Sunday, November 9, 2014
Who and What It's All About - Weston
Last night my kids fell asleep in my room late at night after a Saturday evening blowing up soccer balls for party favors and watching bad kid sitcoms. Both of them prefer still to sleep in my room on the carpeted floor rather than in their shared bedroom. They are sharing out of preference--we have a room for each, but they are scared since moving here of sleeping alone. The separation anxiety is worse for one than the other--he will follow me from room to room, always calling out if I disappear for a minute into the laundry room or bathroom. He is terrified of being lost, even in his own house.
As I do most nights, I woke in the middle of the night, anxious about various things. I gave up sleep after a bit, and turned on my light. I had forgotten for an instant that the twins were in my room. As I looked down, there was my son who had spent his first five years of life as a complete dinosaur obsessive. He knew the names of about 40 dinosaurs, knew their eating habits, their tracks, their eras. His favorite was triceratops, and his frequent companion was Triceratopsie, a green tri- he had chosen at the Field Museum of Chicago one Christmas. Sadly his love for dinosaurs started to diminish in the last year until at the age of seven, he loves them out of habit, not depth of feeling.
Last night he chose Triceratopsie from the 10 or so stuffies on his bed, and here he is, curled up around his favorite, sleeping like an angel on his dinosaur pillowcase (mom is cheap and has not upgraded to Pokemon or Avatar or whatever) having read his dinosaur book. He sleeps on top of a quilt I had made from his infant rompers--a lovely Brazilian woman made one for each twin-- and tucked into a zebra blanket--his favorite animal from safari last year.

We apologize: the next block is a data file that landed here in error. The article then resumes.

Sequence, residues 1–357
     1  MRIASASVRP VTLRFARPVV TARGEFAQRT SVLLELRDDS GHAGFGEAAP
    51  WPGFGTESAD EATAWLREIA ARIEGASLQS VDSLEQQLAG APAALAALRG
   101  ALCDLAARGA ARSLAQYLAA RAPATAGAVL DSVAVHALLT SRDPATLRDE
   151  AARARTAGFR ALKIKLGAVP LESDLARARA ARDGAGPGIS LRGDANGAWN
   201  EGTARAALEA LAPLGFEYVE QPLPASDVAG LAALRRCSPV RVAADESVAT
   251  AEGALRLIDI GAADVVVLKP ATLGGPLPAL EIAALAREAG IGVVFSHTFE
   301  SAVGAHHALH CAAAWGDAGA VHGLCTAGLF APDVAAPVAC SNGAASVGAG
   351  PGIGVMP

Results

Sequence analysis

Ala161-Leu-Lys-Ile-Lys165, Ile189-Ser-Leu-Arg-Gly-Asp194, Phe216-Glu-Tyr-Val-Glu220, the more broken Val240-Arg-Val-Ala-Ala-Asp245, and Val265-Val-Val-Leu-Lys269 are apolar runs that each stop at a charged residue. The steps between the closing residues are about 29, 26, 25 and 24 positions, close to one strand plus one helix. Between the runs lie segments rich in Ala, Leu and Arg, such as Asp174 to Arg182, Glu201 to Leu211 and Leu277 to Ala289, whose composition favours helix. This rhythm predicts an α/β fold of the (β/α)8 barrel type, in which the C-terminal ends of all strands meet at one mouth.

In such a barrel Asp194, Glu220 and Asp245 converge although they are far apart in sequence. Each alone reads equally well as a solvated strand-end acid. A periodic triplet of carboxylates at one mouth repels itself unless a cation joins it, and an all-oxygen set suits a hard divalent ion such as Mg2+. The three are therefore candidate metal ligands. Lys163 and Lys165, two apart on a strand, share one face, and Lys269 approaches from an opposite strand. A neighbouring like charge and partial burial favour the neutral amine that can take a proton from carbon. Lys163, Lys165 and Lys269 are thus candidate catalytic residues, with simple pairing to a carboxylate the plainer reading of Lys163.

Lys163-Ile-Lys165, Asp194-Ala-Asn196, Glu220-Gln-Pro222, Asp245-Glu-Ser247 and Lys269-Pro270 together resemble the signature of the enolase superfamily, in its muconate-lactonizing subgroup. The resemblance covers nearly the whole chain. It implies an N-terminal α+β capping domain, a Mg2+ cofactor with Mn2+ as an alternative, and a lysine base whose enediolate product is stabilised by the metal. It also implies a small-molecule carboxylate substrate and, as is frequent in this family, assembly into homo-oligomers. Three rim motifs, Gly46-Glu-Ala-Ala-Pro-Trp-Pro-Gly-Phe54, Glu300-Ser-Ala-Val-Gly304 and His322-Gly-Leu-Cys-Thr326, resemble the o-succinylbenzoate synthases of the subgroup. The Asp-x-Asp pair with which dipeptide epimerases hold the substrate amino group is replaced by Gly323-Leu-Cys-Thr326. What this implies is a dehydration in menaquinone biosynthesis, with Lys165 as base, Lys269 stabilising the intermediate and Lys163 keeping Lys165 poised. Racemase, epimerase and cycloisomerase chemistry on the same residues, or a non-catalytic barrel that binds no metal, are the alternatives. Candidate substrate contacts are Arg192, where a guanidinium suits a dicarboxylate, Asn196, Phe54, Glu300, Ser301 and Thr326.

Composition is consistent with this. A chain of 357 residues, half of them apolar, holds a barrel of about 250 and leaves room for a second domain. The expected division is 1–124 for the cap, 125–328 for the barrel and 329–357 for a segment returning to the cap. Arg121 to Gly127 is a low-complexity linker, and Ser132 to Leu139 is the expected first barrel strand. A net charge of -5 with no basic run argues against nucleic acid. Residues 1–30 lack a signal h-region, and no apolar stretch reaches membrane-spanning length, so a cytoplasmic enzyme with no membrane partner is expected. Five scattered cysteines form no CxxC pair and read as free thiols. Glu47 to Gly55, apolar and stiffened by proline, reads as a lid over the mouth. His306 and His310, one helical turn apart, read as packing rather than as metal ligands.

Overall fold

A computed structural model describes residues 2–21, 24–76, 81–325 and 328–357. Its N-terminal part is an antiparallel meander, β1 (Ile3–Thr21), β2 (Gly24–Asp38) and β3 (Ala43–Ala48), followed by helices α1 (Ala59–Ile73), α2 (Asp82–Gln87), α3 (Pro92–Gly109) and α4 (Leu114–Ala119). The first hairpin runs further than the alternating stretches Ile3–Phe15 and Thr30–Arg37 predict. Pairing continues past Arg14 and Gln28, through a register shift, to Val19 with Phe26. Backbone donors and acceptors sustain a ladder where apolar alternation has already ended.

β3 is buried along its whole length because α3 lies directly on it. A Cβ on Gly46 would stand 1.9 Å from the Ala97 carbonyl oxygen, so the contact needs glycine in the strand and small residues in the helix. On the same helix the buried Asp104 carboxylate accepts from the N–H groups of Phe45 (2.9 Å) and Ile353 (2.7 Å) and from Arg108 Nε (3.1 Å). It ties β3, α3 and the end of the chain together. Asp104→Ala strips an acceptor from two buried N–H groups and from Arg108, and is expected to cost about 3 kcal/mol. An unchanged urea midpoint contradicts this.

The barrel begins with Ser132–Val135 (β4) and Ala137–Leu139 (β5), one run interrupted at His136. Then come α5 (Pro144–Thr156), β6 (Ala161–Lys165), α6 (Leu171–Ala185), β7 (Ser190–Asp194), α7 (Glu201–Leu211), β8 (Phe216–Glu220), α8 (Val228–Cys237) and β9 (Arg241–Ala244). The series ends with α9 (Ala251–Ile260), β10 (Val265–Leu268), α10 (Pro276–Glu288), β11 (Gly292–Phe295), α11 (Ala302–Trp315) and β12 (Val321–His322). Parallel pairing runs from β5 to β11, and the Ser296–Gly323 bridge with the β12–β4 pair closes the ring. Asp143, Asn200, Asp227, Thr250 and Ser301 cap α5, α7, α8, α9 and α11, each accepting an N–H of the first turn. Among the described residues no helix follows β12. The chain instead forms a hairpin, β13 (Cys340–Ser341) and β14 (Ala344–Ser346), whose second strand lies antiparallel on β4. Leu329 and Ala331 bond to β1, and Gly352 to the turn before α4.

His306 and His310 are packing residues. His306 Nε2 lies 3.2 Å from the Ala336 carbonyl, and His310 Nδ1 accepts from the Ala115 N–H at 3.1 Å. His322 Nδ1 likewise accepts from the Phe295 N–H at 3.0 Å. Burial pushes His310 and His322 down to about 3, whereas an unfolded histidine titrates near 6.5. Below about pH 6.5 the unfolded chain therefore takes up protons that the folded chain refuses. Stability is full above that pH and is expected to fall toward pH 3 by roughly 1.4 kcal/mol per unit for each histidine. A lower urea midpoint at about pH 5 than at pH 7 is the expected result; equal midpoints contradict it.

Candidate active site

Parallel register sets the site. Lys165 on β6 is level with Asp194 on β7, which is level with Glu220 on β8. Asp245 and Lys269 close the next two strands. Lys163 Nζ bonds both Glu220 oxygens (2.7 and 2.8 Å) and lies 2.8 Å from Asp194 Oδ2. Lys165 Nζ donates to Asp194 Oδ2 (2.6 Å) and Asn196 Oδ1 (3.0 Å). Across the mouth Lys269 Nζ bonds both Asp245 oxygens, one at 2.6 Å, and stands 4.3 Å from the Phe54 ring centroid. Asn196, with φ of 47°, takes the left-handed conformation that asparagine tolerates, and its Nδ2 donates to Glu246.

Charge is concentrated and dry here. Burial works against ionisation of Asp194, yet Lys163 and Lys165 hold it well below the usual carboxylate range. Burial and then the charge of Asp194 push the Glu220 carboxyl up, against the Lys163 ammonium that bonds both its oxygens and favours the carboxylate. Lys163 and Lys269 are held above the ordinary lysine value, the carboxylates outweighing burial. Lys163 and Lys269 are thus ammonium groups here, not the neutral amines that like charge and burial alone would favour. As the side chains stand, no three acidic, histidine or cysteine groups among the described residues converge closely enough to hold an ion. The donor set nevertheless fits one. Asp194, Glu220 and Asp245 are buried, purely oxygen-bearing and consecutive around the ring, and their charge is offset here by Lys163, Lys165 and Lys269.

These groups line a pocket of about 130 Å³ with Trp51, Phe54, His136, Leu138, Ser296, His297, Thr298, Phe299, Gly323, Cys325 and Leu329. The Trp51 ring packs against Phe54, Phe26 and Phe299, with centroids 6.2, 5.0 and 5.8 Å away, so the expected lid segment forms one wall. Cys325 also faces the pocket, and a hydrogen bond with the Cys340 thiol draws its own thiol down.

My kids turn 8 on Friday. I am filled with love and regrets for this fact. Let's be honest here--the first three months here have been filled with intense joy, huge changes and great learnings. And sadness--separations from close friends, from the only place they remember in their consciousness, and from their father, who spends more time in Brazil than in the US. For now. Hopefully he will be with us more often shortly. And I've been stressed out--yelled a bit more, lost my patience countless times, and cried tears of frustration for not being able to do everything I want to do.
So what is this move all about? Why are we here? We are here for me and for them. I still feel like I can be a better person here in the US than I was in Brazil. I don't know how to explain that. I am happier here and more relaxed. We are doing the best we can, and it's not half bad.
When we adopted our dog Coal a month or so ago, the foster coordinator said to me that I needed to set him up for success. As in don't leave him alone outside the crate and then have him eat the couch. Then you won't want to keep him. Don't let him off-leash in deer country--he may run after them. How do you set your kids up for success? Let them sleep on your bedroom floor (don't worry Nana, I'm not on my way to Chicago). Let them wear their Brazil shirt four days out of five. Let them explore the wild without saying "watch out, there are ticks in the woods!" I'm letting them be.
And celebrate eight. Happy birthday, my little Brazilian-Americans!